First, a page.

The cash quantum is taxable and of which 20% is retained by the Singapore Disability Sports Council (SDSC) / National Disability Sports Associations (NDSAs) to help fund future training and development.

So the conditions of the award are the same for both sets of athletes, but the awarded amounts are different. Press sources like STonline reported that the quantum is SGD 200K at of 2016.

If the information in the initial post of this Reddit thread is correct, the award was raised in 2008 from SGD 100K to 200K after this inequality was brought up in parliament.

I am not about to argue against the weak excuses the parliamentarians gave to defend the status quo. I would rather focus on who we are.

Both sets of athletes will likely tell you they are not in their sports for the money. My argument is not that we need to pay or reward them for bringing glory to their sport or country. It is about sending a message about who we are and what we value. 

We should put our money where our collective mouth is: If we claim that we want a more equal and equitable society, let us reward our Paralympians the same (if not more) than our Olympians.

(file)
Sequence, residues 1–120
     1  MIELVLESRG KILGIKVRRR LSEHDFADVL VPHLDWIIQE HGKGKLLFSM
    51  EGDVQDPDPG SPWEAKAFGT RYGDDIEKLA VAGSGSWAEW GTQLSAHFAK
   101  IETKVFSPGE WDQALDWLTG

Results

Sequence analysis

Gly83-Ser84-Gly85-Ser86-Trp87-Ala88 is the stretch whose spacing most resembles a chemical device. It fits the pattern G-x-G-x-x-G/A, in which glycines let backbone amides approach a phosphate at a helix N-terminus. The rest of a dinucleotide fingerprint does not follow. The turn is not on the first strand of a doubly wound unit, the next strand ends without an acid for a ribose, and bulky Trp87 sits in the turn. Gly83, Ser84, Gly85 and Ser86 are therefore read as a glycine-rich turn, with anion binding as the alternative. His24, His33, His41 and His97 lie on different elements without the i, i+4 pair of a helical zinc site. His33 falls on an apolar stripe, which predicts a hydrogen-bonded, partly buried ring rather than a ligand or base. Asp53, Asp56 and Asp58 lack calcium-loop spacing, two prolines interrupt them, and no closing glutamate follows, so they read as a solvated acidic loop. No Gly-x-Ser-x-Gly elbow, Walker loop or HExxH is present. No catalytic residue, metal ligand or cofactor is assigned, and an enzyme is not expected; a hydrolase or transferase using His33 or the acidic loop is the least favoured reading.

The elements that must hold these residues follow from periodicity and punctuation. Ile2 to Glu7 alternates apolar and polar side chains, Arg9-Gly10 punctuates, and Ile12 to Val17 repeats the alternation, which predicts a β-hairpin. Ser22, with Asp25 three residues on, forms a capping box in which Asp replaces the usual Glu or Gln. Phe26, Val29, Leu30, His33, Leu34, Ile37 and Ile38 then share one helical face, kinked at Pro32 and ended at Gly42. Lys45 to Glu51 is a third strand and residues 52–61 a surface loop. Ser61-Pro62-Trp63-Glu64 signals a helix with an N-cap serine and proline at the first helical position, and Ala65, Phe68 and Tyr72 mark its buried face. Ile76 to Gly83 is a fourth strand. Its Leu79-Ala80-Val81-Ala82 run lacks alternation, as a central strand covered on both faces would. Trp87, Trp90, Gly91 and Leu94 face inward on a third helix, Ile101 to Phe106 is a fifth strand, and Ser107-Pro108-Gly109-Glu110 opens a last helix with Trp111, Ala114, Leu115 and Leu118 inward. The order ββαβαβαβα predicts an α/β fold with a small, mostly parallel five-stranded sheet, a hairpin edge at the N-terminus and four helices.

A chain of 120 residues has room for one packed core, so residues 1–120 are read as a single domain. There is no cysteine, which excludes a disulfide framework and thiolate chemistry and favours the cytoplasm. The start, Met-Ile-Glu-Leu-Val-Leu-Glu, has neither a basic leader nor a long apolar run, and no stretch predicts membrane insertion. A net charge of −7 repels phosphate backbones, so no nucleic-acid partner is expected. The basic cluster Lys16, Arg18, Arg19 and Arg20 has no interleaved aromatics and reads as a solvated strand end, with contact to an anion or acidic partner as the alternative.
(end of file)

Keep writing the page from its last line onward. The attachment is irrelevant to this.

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I applaud the group that is trying to connect differently-abled folk with inclusive employers.

I also wonder whether the creators of the video realise how they are excluding some viewers by blindly following a trend.

The trend is for some news organisations (like Now This News, the South China Morning Post, and even the BBC News) that place text descriptors over video. These are not subtitles. They are summaries or statements of main points in the video.

See the difference in the slideshow below — subtitles are transcriptions of speech; the other text is information not necessarily represented in video footage.

The text overlays are distinct from subtitles. Subtitles are a good thing for the hearing-impaired. The text overlays deny the visually-impaired because there is no audio equivalent. The trend of using text descriptors over video is exclusionary. This is sadly ironic given how the video highlights one example of being inclusive. 

Want a tiresome argument based on superficial evidence? Consider this headline and article.

The linked article reported: 

Eric Yuan… the founder of the video conferencing tool, admitted to experiencing Zoom fatigue. At Wall Street Journal’s CEO Council Summit, the 51-year-old said that at his peak, he once had 19 Zoom meetings in a row in a single day.

The argument: Meetings on Zoom are bad because they are exhausting. The evidence: Even the founder of Zoom says so. The argument and its evidence is tiresome and lazy.

I am not saying that Zoom fatigue does not exist. It does.